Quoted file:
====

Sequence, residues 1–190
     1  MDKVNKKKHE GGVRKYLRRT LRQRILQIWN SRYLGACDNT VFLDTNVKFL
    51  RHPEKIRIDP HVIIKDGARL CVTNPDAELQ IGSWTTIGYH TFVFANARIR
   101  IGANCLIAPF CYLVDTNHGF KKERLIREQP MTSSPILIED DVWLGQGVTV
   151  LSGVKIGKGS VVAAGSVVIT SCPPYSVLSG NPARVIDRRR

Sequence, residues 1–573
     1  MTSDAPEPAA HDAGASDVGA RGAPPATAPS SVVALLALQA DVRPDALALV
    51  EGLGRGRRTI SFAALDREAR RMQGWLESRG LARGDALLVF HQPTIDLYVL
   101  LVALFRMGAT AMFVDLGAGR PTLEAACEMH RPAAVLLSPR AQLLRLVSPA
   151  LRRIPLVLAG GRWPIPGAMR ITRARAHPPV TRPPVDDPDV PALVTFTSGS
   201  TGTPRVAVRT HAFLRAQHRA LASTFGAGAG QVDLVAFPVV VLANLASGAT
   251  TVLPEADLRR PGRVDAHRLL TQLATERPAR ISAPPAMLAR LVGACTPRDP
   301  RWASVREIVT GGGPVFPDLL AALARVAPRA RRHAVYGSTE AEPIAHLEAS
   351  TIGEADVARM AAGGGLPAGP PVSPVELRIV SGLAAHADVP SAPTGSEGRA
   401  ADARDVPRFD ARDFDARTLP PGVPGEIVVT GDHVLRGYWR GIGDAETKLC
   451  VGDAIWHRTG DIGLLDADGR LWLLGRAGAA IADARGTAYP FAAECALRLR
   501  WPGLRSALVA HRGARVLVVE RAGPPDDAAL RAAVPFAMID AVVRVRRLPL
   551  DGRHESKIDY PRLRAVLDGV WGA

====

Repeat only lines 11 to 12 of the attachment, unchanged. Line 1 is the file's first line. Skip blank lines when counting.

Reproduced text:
   201  TGTPRVAVRT HAFLRAQHRA LASTFGAGAG QVDLVAFPVV VLANLASGAT
   251  TVLPEADLRR PGRVDAHRLL TQLATERPAR ISAPPAMLAR LVGACTPRDP